Jane Austen and Terry Pratchett taught me all I know about vampires.
Going to the most obvious one, I love Terry Pratchett’s Discworld series and his depiction of vampires, fastidious aristocrats who employ an Igor (“Yeth, mathter” etc.); and the missions in Ankh-Morpork that seek to reform vampires with Salvation Army-style meetings where the afflicted enjoy stirring inspirational songs, buns, and cups of tea. And if you haven’t read Pratchett, go and check him out now at terrypratchettbooks.com. He’s one of the smartest, funniest writers around.
But when I was asked to join the Bespelling Jane Austen anthology I had to consider writing a vampire, uh, seriously. Moreover, it was my first attempt to do something terrible to Jane Austen by using one of her books as the basis of a novella and I chose Emma, not only my favorite Austen but happily one the other writers, Mary Balogh, Susan Krinard, and Colleen Gleason didn’t want. They chose Persuasion, Pride and Prejudice, and Northanger Abbey respectively.
There was one character who stood out in Emma as a likely vampire—someone who is charming and untrustworthy and feeds upon others’ affections, and is moreover hawwwt. Yes, Frank Churchill. In Emma he’s the charismatic stranger who comes to town, develops a serious flirtation with the matchmaking heroine, and harbors a secret that drives the plot of the entire novel. I updated Emma to present-day Washington DC, where the heroine runs a dating agency, not altogether successfully, for the city’s paranormal population; it may be the only romance novella with this opening line: She turned me into a frog.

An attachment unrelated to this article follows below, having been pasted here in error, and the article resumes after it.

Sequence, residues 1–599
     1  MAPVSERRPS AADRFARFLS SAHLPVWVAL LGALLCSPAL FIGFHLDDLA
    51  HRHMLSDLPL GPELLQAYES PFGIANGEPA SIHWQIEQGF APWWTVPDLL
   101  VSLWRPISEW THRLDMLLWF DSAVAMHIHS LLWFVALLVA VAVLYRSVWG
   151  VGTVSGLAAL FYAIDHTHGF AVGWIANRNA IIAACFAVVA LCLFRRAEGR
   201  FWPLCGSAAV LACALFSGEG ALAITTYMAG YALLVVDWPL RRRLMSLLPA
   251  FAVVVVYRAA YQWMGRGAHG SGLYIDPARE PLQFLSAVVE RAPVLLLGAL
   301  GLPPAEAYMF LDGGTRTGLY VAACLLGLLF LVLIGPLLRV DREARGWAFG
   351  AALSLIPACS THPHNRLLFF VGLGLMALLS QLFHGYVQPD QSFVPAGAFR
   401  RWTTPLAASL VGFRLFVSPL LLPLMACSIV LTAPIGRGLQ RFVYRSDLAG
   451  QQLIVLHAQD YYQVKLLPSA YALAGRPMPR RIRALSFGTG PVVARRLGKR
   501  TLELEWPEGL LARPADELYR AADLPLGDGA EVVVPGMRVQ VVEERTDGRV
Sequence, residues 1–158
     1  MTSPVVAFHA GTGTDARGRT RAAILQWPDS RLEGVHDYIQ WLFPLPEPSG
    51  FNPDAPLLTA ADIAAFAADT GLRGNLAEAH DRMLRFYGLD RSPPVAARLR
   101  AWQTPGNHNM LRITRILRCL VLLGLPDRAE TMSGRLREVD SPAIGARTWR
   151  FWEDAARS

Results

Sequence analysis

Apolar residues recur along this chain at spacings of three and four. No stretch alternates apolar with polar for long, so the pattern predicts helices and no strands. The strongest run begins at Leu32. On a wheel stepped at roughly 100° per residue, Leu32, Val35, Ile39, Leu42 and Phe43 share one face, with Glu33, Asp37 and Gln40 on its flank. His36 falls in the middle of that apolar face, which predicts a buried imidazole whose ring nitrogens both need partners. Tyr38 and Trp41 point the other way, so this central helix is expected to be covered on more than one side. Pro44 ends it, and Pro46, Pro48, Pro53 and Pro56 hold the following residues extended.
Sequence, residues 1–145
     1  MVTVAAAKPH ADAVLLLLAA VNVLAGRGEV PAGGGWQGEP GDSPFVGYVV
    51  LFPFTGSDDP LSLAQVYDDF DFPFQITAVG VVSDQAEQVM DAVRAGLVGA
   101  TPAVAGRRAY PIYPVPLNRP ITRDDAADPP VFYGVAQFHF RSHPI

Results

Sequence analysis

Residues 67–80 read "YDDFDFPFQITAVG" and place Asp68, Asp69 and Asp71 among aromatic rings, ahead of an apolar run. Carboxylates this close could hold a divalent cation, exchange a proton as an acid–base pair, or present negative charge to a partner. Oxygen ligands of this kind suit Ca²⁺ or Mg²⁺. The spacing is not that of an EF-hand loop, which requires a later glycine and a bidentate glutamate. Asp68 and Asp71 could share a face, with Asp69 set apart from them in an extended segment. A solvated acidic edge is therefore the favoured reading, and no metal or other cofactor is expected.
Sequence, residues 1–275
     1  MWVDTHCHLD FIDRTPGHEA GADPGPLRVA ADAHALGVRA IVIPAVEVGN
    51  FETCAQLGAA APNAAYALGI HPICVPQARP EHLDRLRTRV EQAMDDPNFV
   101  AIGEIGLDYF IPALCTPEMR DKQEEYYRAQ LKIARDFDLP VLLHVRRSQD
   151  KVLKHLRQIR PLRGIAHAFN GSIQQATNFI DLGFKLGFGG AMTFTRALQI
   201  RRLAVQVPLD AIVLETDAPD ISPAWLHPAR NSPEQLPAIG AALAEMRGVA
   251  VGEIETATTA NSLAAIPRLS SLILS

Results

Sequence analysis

Frank is a lawyer—what else? All those billable hours after dark and a natural rapaciousness.
And here’s Frank and Emma’s first meeting and one of my favorite scenes:
“I hope I live up to your expectations.”
He refilled my glass and stared into my eyes. “You will.”
With a great effort I stopped myself sliding under the table in a boneless heap of desire. It was only standard vamp stuff, I reminded myself, his biological destiny. In a way he couldn’t help himself. He’d be coming onto the geraniums in the hanging basket if I wasn’t here—and even as I thought that, petals showered onto the table like drops of blood.
“You’re good,” I said, “but please don’t read my mind.”
Thanks for having me visit!
Which characters in Jane Austen’s novels, or any other classics, do you think would make good vampires?